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The Dipper. (Cincius aquaticus)

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The Fulmar Petrel lays but one egg: yet it is believed to be the most numerous bird in the world. (Darwin.)

As more individuals are produced than can possibly survive, there must in every case be a struggle for existence, either one individual with another of the same species, or with the individuals of a distinct species, or with the physical conditions of life. (Darwin.)

I feel sure that if ever human ingenuity can devise a clockwork or electric bird to bob up and down, to fly - either in the air or under water - and to sing; the result will approximate the form and movements of the common dipper or water ousel more than any other bird that is known in England.

Everything about the bird is mechanical. Its son g could be nearly produced by a wet cork on a window pane, and its two screamy notes - uttered on the wing -are far more artificial than those of the kingfisher or sandpiper, who fly past one in much the same hurried manner; generally 11 pairs, and at much the same height above the water. The note of the sandpiper seems to come from a clarinet; while the squeal of the kingfisher, or the squeak of the dipper, recall experiences of moving heavy; furniture or opening rusty shears.

When first one begins to learn trout fishing the dipper may make our acquaintance. Unnoticed as he perhaps is during the first ten minutes of our casting across the fast water on an open March day, he soon catches the eye; and the tyro with the rod becomes aware of a dark slaty grey or a light sooty black bird with a white breast sitting on a wet stone just the other side of the run some few inches above the water, who seems wound up to make a certain fixed number of bobs at intervals.

He is like a schoolboy somewhat water shy, who has undressed and is standing at the edge of the swimming bath constantly gesticulating with his hands and knees as though about to take a splendid header, and who still remains in position. The dipper always appears about to fly off or about to take a header, and yet stops on his stone as though intending to wait and see a fish caught before he takes action.

He is to the angler what the robin is to the gardener, and in the friendly position he takes up says, like Laura, ' so long as you are pleased to stare I'm pleased to stay.' And if you cast too close to him he at length winds his internal machinery up for flight and whirrs off like an aeroplane down stream or upstream - never in any other direction, cutting never even off a corner if the river makes a sharp bend, and alights upon a similar stone two hundred yards away to recommence his twitchy watchfulness up that stretch of water which he and his mate have leased from nature for the season.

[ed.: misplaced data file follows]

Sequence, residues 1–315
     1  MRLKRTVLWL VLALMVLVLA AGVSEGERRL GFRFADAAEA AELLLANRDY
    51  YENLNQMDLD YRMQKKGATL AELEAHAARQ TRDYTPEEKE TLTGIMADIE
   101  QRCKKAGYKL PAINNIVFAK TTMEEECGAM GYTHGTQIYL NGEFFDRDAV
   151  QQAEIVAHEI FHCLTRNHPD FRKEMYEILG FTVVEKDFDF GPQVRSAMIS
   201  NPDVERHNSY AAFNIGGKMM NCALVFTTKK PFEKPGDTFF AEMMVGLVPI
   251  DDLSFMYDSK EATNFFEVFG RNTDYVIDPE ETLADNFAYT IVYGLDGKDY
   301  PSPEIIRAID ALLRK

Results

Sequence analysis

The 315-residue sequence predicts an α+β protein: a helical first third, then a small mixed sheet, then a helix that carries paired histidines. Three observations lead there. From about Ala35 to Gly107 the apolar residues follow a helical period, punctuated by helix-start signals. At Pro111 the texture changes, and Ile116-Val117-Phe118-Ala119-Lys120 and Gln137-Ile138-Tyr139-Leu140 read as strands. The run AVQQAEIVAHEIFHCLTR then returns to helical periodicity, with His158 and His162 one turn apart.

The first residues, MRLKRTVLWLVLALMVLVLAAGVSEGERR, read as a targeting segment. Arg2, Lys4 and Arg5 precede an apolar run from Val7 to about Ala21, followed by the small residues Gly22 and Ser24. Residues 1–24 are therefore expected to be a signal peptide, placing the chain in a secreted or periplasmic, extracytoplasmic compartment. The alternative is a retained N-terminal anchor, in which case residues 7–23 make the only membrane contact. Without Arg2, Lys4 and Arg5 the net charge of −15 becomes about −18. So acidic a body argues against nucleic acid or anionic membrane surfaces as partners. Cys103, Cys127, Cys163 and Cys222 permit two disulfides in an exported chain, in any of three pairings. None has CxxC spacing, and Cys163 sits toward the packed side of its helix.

Every trout fisherman must notice how each quarter of a mile of water contains its pair of ousels. They are as jealous of their beat as policemen and hold themselves aloof from all relations, living their two hundred yards up or down stream from their favourite central stone just opposite the rocky cascade which they have settled upon as their nesting place. It would be interesting to know and to trace precisely what becomes of the new brood when once the parents are persuaded that the time has arrived for their progeny to be sent out into the world. The beats above may be taken by their uncles or by their cousins once removed, and also the beat below. Do they seek another stream or do they actually combat with their own parents for the possession of that length of water where they first tasted the sweets of caddis worms shrimps or snails? I certainly have seen dippers fight. A species of flying warfare mixed with stridulous screams, and possibly these are sharp actions at law after which the title deeds change hands and the water rights with them.

A puzzle which field naturalists have never explained is why should not the dipper be a far commoner species than it is. Two and sometimes three broods a year are hatched, generally successfully, and the average number of eggs laid is four or five. The bird has hardly any enemies. Even the average schoolboy who spends his Easter holidays close to a stream seldom finds a nest, or if he does locate one sees with regret that it is the other side of the stream under a tangled overhanging bank. Yet the dipper like the nuthatch is often unknown to those who take suburban walks, and is even spoken of as an unfamiliar bird.